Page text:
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Extract from the Preface
‘Woods lovingly presents a range of gloriously outrageous gay and lesbian individuals and couples.’ – Joanna Bourke, BBC History
The Homintern is the international presence of lesbians and gay men in modern life. Imagined as a single network, it is either one of the major creative forces in the cultural development of the past century, or a sinister conspiracy against the moral and material interests of nation states. You decide.
In the late nineteenth and early twentieth centuries, European scientists from a range of disciplines published research attempting to define and explain people who were attracted to their own sex. In the same period, a succession of public scandals also brought the existence of such people out into the open. It began to look as if there were a lot of them about.
So scandalous was their mere existence, so far beyond the pale their sexual behaviour – often illegal for men, for women virtually unthinkable – that they had to maintain varying levels of discretion or even total secrecy about their ‘personal’ lives. This in itself was then held against them, since it began to appear that they were secretly conspiring together – to do what? To undermine the collective moral framework; to question or ridicule acceptable standards of behaviour; even to subvert national security.
They allowed themselves, or were allowed, higher visibility in the leisured classes and in artistic occupations, where ‘bohemian’ styles and manners were acceptable, subject to various tacitly agreed restrictions. In some respects – the arts being of limited use to ideologues and bureaucrats – this made gay people seem harmless; but, before long, inevitably, they were said to be exerting too much cultural influence.
On the other hand, to those in the know, the presence of lesbians and gay men in the artistic avant-garde was energising, precisely because they looked at society from an unusual viewpoint and were apt to undermine previously long accepted truths of human nature. By loving as they chose, they reminded the world that love is worth taking risks for. By living as they chose, they initiated a process of liberation by sleight of hand. Their very presence demanded a re-evaluation of fixed gender roles and more nuanced attitudes to all sexual behaviour. They could bring a completely fresh aesthetic to bear on overfamiliar social conventions. The queerness of their artistic activities was often unnerving to those who sought, in both the method and content of the arts, a projection of the norm.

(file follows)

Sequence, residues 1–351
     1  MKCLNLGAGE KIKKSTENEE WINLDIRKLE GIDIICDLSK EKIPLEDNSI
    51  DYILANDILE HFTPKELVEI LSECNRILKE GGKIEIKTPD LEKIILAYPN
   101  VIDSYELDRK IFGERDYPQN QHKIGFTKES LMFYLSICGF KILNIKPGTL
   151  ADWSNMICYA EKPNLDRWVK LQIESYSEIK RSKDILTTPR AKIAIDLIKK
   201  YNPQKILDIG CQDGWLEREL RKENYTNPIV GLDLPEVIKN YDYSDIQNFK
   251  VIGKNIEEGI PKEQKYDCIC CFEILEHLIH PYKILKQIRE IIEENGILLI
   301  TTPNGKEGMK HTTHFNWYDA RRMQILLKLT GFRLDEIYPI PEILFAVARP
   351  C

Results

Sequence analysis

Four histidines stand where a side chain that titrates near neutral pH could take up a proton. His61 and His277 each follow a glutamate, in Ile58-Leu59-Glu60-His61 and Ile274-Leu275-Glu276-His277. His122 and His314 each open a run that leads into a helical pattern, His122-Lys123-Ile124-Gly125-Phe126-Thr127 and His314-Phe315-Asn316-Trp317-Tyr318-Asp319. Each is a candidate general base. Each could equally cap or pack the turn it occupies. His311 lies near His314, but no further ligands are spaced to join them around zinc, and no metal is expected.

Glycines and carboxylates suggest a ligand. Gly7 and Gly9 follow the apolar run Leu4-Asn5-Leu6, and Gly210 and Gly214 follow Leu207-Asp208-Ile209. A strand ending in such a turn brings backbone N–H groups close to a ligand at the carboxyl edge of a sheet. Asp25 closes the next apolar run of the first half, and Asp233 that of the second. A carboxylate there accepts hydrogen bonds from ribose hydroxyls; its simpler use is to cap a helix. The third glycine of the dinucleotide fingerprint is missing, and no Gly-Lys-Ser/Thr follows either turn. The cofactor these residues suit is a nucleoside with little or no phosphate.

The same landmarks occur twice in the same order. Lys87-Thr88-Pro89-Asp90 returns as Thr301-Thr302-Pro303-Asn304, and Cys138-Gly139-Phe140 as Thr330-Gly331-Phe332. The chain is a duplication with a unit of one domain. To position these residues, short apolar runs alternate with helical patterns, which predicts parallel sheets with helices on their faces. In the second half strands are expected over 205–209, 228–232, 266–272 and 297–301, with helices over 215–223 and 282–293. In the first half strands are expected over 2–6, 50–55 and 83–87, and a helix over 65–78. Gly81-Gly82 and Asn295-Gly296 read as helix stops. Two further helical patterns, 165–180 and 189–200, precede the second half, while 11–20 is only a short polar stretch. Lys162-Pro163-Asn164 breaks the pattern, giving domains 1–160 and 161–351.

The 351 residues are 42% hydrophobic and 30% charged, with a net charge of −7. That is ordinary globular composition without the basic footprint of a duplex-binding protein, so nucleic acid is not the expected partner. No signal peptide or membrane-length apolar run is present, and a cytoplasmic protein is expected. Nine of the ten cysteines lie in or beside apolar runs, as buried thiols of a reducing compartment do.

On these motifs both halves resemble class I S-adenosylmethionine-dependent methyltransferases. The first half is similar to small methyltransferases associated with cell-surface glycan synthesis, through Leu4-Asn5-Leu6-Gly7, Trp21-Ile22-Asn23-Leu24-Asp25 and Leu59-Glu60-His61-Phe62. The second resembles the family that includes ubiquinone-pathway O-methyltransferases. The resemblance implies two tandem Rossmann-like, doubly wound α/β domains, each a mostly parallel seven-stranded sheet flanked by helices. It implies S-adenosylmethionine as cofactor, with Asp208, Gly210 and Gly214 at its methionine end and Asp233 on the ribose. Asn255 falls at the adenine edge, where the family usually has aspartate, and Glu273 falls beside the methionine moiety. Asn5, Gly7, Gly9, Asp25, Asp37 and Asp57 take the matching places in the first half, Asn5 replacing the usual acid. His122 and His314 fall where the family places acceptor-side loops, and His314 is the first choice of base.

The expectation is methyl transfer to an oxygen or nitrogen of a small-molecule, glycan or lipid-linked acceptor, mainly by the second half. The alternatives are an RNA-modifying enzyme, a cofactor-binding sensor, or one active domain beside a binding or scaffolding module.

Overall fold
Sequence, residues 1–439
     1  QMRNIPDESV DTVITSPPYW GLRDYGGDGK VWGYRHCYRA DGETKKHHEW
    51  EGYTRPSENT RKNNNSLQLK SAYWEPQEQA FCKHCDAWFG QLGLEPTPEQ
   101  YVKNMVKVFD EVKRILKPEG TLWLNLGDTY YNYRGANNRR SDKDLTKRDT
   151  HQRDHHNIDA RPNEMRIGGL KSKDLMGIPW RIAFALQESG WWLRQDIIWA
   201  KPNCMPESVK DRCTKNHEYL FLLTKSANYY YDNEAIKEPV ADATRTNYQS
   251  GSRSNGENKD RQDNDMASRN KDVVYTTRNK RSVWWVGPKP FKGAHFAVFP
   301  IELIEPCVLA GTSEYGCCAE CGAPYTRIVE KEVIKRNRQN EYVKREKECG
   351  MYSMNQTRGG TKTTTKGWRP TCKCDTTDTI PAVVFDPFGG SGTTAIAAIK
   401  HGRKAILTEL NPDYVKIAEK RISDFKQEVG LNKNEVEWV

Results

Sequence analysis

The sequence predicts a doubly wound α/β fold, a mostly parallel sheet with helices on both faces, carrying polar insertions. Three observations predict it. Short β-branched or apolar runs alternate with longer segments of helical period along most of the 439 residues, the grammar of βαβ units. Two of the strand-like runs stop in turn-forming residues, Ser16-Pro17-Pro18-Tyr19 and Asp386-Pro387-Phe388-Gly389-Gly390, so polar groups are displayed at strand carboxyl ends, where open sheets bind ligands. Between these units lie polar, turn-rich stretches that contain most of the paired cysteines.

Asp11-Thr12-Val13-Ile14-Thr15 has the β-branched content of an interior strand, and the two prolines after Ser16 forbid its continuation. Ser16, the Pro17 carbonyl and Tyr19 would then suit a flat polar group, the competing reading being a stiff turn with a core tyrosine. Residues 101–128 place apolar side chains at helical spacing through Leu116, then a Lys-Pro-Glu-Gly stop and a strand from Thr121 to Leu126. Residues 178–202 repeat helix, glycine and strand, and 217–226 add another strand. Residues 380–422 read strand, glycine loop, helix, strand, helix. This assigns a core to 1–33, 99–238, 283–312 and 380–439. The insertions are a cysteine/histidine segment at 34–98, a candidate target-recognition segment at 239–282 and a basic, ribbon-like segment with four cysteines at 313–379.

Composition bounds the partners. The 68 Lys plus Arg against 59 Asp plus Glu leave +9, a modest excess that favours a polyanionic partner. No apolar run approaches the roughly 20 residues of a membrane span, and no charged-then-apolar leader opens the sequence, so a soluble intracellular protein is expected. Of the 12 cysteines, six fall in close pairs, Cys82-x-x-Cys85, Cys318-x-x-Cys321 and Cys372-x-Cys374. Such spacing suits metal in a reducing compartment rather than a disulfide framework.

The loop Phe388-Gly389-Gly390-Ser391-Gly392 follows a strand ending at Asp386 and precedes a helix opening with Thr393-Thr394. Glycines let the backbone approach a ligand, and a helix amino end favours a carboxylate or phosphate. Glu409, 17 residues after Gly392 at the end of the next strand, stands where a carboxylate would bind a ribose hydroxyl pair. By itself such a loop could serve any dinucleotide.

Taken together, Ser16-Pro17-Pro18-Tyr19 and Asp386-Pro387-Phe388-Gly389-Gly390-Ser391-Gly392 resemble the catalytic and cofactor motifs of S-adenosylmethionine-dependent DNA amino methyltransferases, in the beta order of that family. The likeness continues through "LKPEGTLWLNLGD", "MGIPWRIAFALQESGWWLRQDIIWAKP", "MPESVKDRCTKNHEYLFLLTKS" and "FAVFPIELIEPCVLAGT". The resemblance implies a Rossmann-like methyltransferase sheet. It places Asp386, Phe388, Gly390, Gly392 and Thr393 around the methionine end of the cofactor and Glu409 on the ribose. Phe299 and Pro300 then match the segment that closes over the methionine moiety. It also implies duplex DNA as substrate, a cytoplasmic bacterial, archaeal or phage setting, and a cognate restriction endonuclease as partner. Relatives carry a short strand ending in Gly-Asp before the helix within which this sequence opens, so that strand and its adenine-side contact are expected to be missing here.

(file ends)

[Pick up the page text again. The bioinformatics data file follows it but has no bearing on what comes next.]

My book is about those people, and about changing attitudes to them. It is also about their own changing attitudes to sexuality and its role in their lives. Some of these individuals and their stories are exemplary, standing in for many similar experiences; others stand out for their strangeness, the unique radiance of which casts a peculiar light on the generality of the rest.
The independence of lesbian women had its own lessons to convey within the context of the broader struggle for women’s equality. Despite being spoken of, and written off, as spinsters, whether single or in couples, such women were often more or less secretly admired for the spirit of their nonconformity: they had chosen to be free – or free of men, at least; which may be the same thing.
We are told that, in certain seasons, homosexuality was all the rage. Indeed, between the wars a certain kind of stylish, un-masculine, arty gay man was regarded as the very epitome of the modern. Acceptance of homosexuality came to be seen as one of the measures of modernity. I am interested in how ideas and images relating to homosexual people acquire status as lasting myths – the gay aesthete, the modern Sodom, the homosexual spy, the sirens’ island, the tragic fall from grace, the Oriental pleasure dome, the sleazy dive, the pastoral idyll, the Homintern itself – which duly take their place in the common narratives not only of homosexuality’s cultural status in the modern world, but of modernity itself.
The book is threaded with journeys, mainly by steamship or train. When my subjects travelled, either they or their art returned home with horizons broadened: Gide from Algeria, Forster from Italy, Isherwood from Germany,
Stein from France, Lorca from the USA, Eisenstein from Mexico, Mishima from the USA . . . Many others were forced, or went voluntarily, into exile from home. For male travellers in particular, the sexual and the cultural were intimately connected. It is hard to disentangle journeys with sexual benefits from those with a cultural pay- off. (Many, of course, had both.) The main arena of our narrative consists of Europe and the shores of the Mediterranean, plus the two- way traffic across the Atlantic. Looked at from a global perspective, this cosmopolitanism is really quite local – as readers in the southern hemisphere will be quick to observe – but it is destinations that have accumulated mythic value, rather than any places in which gay people live or to which they have travelled, that interest me most.
Gregory Woods was appointed Professor of Gay and Lesbian Studies at Nottingham Trent University in 1998, the first such appointment in the UK. He is the author of four previous critical books and five collections of poetry.